There are so many more. How many famous athletes looked up to the heroism of people like Jackie Robinson and literally changed the face of Baseball because of his courage? Willie Mays, Joe Morgan, Hank Aaron all have pointed to Robinson as a role model for them. The same could be said for Roberto Clemente as well, someone who is seen as being almost god-like to Latin American ballplayers that followed him.

George Will, the famous columnist, author and political thinker, once said that professional sport is unique in that it is the only thing to which people can devote total commitment without consequence. I have to disagree with him on this. There are dramatic consequences to sustaining a passion about sports, good and bad results depending primarily on how the athletes respect their game, their fans and themselves.

If you think about all the positive consequences I've described in the examples above, you'll find that they can typically be boiled down to one word: Hope. A young boy in Binger, Oklahoma watches Mickey Mantle dominate Baseball and says, "maybe I can do it too" - and becomes Johnny Bench. Jackie Robinson didn't simply open the door to blacks in the major leagues; he showed that it could be done. He gave hope. Every game we watch is hope because until the last pitch is thrown or the last second ticks off the clock, there is a chance at redemption, recovery and victory. Think of the greatest moments in sports - Kirk Gibson hitting that home run off Dennis Eckersley, "the catch," "the shot heard round the world," etc. They are snatching victory from the jaws of defeat, they are proof that we can overcome adversity and prevail. They are hope.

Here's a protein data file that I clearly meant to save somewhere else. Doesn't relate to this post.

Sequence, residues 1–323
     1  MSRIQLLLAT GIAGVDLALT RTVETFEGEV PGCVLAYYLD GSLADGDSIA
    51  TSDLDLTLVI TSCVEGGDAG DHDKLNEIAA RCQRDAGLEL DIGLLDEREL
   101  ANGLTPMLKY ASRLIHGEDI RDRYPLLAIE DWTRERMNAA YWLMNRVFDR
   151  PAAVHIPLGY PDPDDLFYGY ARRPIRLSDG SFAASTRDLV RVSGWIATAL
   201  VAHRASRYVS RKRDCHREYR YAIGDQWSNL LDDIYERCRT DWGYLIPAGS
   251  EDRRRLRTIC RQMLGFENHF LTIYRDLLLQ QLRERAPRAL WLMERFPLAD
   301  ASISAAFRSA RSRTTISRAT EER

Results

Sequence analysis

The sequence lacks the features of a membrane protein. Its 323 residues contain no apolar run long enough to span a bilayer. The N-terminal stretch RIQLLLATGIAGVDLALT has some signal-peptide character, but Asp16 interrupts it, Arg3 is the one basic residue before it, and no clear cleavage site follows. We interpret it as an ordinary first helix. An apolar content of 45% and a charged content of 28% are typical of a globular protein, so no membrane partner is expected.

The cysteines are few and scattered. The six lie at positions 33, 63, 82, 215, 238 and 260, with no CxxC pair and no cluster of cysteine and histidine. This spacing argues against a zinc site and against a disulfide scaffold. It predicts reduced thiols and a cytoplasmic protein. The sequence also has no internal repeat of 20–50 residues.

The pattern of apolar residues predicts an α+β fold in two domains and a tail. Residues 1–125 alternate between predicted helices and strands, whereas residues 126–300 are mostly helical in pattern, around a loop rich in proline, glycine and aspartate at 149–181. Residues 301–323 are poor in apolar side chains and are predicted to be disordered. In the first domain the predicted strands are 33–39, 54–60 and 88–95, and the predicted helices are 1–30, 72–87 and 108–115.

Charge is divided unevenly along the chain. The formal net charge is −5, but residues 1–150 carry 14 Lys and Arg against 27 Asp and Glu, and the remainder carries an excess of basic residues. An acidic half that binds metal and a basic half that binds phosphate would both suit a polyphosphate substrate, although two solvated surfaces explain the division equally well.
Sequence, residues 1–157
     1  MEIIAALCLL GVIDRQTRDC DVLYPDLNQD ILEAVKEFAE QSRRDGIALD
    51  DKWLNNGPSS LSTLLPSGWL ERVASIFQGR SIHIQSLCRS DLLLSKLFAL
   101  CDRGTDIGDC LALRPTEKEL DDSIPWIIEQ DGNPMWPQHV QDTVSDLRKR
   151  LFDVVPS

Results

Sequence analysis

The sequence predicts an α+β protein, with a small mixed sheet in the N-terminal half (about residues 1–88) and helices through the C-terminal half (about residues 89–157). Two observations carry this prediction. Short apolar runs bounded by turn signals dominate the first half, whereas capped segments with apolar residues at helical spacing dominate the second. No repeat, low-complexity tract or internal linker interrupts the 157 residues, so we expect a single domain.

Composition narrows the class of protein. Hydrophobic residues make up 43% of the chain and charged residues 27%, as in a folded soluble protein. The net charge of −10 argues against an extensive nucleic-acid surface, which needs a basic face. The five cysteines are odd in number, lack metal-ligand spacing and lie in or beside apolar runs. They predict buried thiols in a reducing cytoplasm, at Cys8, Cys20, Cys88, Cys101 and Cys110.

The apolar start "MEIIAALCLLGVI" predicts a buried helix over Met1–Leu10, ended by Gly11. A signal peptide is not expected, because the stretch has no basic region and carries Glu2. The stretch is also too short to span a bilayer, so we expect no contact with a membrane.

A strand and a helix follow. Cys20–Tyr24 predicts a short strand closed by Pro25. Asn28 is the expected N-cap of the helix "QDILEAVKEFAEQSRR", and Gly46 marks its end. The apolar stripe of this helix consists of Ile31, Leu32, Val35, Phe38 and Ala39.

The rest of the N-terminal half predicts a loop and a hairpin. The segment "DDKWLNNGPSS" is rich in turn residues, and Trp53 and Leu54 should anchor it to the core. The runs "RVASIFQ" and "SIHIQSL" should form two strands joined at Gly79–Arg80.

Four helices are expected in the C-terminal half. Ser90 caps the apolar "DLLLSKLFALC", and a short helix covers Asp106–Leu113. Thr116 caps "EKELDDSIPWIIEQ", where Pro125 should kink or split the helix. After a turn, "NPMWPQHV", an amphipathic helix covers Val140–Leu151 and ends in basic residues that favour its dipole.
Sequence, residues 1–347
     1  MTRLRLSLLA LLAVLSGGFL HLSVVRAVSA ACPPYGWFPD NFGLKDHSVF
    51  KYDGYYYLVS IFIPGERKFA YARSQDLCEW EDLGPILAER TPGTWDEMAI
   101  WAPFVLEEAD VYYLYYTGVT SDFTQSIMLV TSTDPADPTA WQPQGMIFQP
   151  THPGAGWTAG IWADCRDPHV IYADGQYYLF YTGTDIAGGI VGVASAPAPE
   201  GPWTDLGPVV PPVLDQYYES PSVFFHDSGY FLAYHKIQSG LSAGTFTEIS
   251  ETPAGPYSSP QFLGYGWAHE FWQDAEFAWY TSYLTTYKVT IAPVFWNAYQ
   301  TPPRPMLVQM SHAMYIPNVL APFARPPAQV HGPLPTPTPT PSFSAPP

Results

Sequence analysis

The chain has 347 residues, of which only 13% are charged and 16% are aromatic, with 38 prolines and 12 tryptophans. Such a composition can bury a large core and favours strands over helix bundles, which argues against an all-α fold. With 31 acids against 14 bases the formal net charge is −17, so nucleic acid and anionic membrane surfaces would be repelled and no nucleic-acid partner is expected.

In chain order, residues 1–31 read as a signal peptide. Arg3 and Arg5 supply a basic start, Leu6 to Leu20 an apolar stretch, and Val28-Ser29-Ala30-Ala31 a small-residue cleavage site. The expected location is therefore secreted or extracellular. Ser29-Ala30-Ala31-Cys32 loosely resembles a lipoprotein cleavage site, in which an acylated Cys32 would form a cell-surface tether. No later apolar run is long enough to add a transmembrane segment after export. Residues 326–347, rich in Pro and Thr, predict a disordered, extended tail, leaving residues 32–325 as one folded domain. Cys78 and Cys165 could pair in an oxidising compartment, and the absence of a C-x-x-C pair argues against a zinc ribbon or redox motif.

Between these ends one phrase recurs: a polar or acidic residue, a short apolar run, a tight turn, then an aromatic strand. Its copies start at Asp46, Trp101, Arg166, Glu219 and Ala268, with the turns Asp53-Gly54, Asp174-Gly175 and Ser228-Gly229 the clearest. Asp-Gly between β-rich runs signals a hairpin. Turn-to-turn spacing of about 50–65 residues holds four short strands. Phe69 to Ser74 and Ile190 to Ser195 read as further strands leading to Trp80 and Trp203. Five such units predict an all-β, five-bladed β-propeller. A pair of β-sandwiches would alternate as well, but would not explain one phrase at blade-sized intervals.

This whole concept is what made "Field of Dreams" such a great film. This isn't just a baseball movie. It is about baseball as much as "Wizard of Oz" is about red shoes or tornadoes. "Field of Dreams" is about redemption and heroes and belief and faith. It's about hope.

"OK" you may be asking. "What about all the people who don't succeed when they've been inspired? What good are heroes to them?" Fair question. For every player who is inspired to greatness, there are 5,000 who are inspired but don't achieve greatness; you can look at those 5,000, though, and find that every one of those lives have been enriched and improved by the hope they gained from their hero. Dreams don't always take the form we originally envision for them but they do compel us to become better than we were, better than we would have been without them. I submit that every person who devotes their passion to a worthy hero ends up a better person themself for doing it.

Johnny Bench was my hero when I was a child. I never amounted to much as a ball player, believe me. But I did learn from him and I was inspired by him. I cheered his victories and cried in his defeats, and many of my most enduring memories are of the times I watched the games or followed his play. I learned a lot about hard work and discipline, which I applied to music and to writing - and I was successful as an adult in both of those arenas as a result.

When I was a child I lived far from any major league ballpark, and never got to see Johnny Bench play live . . . not until 1983. By that time I was in the military, stationed in New Jersey, and I went to see his last game in Philadelphia in 1983. Rankled by injuries, Bench didn't even start the game. He came in as a pinch hitter in the sixth inning . . . and he hit a home run. I had my own "Kirk Gibson" moment there. Bench didn't know it, but he hit it for me. It was my gift for my devotion to and belief in him for all those years. He was still my hero.